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Steps to Success with Multicolor Flow Cytometry Holden T. Maecker.

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Presentation on theme: "Steps to Success with Multicolor Flow Cytometry Holden T. Maecker."— Presentation transcript:

1 Steps to Success with Multicolor Flow Cytometry Holden T. Maecker

2 Holden Maecker, Flow Cytometry Consulting Outline 1.Configure your instrument 2.Characterize your instrument 3.Design your panel 4.Optimize settings for your panel 5.Run appropriate controls 6.QC your data

3 Holden Maecker, Flow Cytometry Consulting Outline 1.Configure your instrument Number and type of lasers Number of PMTs per laser Choice of filters and dichroic mirrors These choices will determine: What fluorochromes you can use effectively How well certain fluorochrome combinations will perform

4 Holden Maecker, Flow Cytometry Consulting How do we measure performance? W2 W1 D Where D = difference between positive and negative peak medians, and W = 2 x rSD (robust standard deviation) Stain Index = D / W Resolution Sensitivity:

5 Holden Maecker, Flow Cytometry Consulting An Example: Green vs. Blue Lasers Green laser more efficient for PE and PE tandems Green laser less efficient for FITC, PerCP and GFP

6 Holden Maecker, Flow Cytometry Consulting Second Example: Filters and Spillover

7 Holden Maecker, Flow Cytometry Consulting Outline 2.Characterize your instrument Obtain minimum baseline PMT settings Track performance over time This will allow you to: Run the instrument where it is most sensitive Be alert to changes in the instrument that might affect performance

8 Holden Maecker, Flow Cytometry Consulting SD EN Baseline PMTV is set by placing the dim bead MFI to equal 10X SD EN 460 V Automated baseline PMT voltage determination in Diva 6.0

9 Holden Maecker, Flow Cytometry Consulting Performance Tracking A variety of parameters can be tracked: Linearity, CVs, laser alignment PMT voltages required to hit target values Data can be visualized in Levey-Jennings plots:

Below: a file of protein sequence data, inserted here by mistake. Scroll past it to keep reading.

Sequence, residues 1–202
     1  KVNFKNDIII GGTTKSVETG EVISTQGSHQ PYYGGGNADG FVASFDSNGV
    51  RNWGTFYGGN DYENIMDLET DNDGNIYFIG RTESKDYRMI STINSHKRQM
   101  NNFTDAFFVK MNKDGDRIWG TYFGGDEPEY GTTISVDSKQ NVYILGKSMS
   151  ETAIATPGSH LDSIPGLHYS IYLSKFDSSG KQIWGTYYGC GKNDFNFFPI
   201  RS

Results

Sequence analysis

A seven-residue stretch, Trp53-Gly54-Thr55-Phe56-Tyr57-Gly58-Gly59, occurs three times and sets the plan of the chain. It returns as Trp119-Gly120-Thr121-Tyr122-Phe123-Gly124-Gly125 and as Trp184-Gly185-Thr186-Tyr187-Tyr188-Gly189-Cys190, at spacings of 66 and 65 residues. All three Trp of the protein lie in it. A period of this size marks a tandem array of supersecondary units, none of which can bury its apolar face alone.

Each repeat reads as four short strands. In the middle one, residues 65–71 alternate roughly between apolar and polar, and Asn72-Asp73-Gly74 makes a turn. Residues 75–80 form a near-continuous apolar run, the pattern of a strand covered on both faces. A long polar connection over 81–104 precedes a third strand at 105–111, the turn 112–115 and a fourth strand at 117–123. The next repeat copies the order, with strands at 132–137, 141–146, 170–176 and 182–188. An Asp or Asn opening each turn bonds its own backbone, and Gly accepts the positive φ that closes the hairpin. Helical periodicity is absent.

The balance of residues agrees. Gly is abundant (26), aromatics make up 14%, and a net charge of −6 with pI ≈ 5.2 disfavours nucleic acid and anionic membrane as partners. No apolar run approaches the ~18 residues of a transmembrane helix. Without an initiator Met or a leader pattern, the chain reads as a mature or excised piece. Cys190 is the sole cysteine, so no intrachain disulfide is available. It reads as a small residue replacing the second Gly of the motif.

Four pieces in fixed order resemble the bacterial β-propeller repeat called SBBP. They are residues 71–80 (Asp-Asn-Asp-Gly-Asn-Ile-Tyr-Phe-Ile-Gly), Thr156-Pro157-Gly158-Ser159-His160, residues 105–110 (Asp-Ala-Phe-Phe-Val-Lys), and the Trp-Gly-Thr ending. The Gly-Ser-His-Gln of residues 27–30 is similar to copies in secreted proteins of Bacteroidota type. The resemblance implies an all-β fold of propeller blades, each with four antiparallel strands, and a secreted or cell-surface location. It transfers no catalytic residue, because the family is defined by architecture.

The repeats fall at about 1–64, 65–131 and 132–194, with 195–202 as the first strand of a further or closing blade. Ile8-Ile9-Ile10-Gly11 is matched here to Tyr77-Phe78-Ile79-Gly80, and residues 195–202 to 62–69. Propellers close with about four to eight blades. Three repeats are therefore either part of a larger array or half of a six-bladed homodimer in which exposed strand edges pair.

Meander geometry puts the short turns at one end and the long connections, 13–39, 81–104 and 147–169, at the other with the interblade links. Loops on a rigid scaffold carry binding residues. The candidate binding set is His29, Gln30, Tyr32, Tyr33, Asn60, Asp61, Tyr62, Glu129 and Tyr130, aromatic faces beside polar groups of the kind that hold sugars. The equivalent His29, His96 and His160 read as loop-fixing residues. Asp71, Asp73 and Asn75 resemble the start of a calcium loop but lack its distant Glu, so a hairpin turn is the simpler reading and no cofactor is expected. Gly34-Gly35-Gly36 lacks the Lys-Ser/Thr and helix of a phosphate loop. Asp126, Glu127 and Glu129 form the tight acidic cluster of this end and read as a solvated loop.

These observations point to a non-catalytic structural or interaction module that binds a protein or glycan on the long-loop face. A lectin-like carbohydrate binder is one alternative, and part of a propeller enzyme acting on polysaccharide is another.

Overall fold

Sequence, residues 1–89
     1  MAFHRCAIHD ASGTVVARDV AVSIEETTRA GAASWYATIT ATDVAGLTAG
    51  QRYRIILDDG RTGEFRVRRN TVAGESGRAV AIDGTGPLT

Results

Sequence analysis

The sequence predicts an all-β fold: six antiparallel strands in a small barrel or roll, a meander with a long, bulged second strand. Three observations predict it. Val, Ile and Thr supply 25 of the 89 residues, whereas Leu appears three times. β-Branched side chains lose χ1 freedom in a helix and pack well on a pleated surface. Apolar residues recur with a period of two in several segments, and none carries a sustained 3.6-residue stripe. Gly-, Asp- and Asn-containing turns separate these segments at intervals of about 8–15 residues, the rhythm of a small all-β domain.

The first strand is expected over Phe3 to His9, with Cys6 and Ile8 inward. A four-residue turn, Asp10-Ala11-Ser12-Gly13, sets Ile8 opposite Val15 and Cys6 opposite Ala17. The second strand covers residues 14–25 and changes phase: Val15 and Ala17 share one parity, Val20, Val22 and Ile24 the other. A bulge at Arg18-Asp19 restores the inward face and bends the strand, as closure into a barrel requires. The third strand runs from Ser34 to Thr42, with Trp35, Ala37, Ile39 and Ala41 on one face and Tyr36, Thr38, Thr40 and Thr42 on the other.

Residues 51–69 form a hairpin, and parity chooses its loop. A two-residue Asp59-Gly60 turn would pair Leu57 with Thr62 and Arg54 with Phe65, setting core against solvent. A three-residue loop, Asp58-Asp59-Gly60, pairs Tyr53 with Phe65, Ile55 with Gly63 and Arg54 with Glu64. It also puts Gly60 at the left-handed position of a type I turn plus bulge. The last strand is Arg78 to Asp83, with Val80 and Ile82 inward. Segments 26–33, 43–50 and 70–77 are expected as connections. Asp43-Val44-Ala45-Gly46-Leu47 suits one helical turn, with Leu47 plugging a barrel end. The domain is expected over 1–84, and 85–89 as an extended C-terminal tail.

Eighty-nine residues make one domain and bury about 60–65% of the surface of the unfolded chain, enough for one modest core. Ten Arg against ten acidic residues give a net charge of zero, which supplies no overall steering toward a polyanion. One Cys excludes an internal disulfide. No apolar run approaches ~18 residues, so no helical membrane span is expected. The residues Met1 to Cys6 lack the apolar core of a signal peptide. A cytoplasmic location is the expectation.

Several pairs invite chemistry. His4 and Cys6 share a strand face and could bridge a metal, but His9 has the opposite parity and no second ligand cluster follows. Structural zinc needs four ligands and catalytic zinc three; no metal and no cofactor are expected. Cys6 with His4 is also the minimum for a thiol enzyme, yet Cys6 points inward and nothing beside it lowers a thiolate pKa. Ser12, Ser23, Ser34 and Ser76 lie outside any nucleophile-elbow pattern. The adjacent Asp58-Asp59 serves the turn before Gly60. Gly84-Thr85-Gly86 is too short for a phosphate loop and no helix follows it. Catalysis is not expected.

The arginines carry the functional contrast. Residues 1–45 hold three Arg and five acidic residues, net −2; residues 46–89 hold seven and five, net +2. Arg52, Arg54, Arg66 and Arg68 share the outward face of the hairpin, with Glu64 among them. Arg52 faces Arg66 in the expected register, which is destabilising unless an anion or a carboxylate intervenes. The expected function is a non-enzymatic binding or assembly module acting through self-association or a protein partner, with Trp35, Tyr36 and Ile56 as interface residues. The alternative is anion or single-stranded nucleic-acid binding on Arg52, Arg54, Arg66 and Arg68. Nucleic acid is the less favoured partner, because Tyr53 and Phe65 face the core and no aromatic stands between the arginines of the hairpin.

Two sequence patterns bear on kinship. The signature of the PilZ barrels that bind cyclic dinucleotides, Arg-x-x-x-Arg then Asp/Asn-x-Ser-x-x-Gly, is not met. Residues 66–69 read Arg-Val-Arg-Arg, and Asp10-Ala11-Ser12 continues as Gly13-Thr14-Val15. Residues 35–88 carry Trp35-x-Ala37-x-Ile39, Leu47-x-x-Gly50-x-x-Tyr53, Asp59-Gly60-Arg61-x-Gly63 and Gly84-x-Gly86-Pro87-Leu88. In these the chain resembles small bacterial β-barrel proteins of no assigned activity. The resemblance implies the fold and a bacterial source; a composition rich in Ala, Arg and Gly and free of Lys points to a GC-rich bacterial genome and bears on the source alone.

10 Holden Maecker, Flow Cytometry Consulting Outline 3.Design your panel Reserve brightest fluorochromes for dimmest markers and vice versa Avoid spillover from bright populations into detectors requiring high sensitivity Beware of tandem dye issues Titrate antibodies for best separation This will allow you to: Maintain resolution sensitivity where you most need it Avoid artifacts of tandem dye degradation

11 Holden Maecker, Flow Cytometry Consulting Various fluorochromes-stain index ReagentCloneFilterStain Index PERPA-T4585/ Alexa 647RPA-T4660/ APCRPA-T4660/ PE-Cy7RPA-T4780/ PE-Cy5RPA-T4695/ PerCP-Cy5.5Leu-3a695/ PE-Alexa 610RPA-T4610/ Alexa 488RPA-T4530/ FITCRPA-T4530/ PerCPLeu-3a695/ APC-Cy7RPA-T47801/ Alexa 700RPA-T4720/ Pacific BlueRPA-T4440/ AmCyanRPA-T4525/5020.2

12 Holden Maecker, Flow Cytometry Consulting Spillover affects resolution sensitivity Without CD45 AmCyan: With CD45 AmCyan: CD19 FITC Note that this is only an issue when the two markers (CD45 and CD19) are co-expressed on the same cell population.

13 Holden Maecker, Flow Cytometry Consulting Special requirements of tandem dyes Compensation requirements for tandem dye conjugates can vary, even between two experiments with the same antibody Degrade with exposure to light, temperature, and fixation Stained cells are most vulnerable Solutions: Minimize exposure to above agents Use BD stabilizing fixative if a final fix is necessary Run experiment-specific compensation

14 Holden Maecker, Flow Cytometry Consulting False positives due to tandem degradation A. False positives in APC channel reduced in absence of APC-Cy7 False positives in PE channel remain Gating schemeCD8 APC-Cy7+ cellsCD4 PE-Cy7+ cells B. With CD8 APC-Cy7 and CD4 PE-Cy7: Without CD8 APC-Cy7:

15 Holden Maecker, Flow Cytometry Consulting New tandems can be more stable APC-H7 as a replacement for APC-Cy7: Comparison of Sample Stability (in BD Stabilizing Fixative at RT) Hours of light exposure % Spillover CD4 APC-H7 CD8 APC-H7 CD4 APC-Cy7 CD8 APC-Cy7

16 Holden Maecker, Flow Cytometry Consulting Antibody titration basics For most purposes, the main objective is to maximize signal:noise (pos/neg separation) This may occur at less than saturated staining This may or may not be the manufacturer’s recommended titer Titer is affected by: Staining volume (e.g., 100  L) Number of cells (not critical up to ~5x10 6 ) Staining time and temperature (e.g., 30 min RT) Type of sample (whole blood, PBMC, etc.)

17 Holden Maecker, Flow Cytometry Consulting Antibody titration example

18 Holden Maecker, Flow Cytometry Consulting Outline 4.Optimize settings for your panel Derive experiment-specific PMT settings Run compensation controls for each experiment This will allow you to: Use settings most appropriate for your panel Avoid gross errors of compensation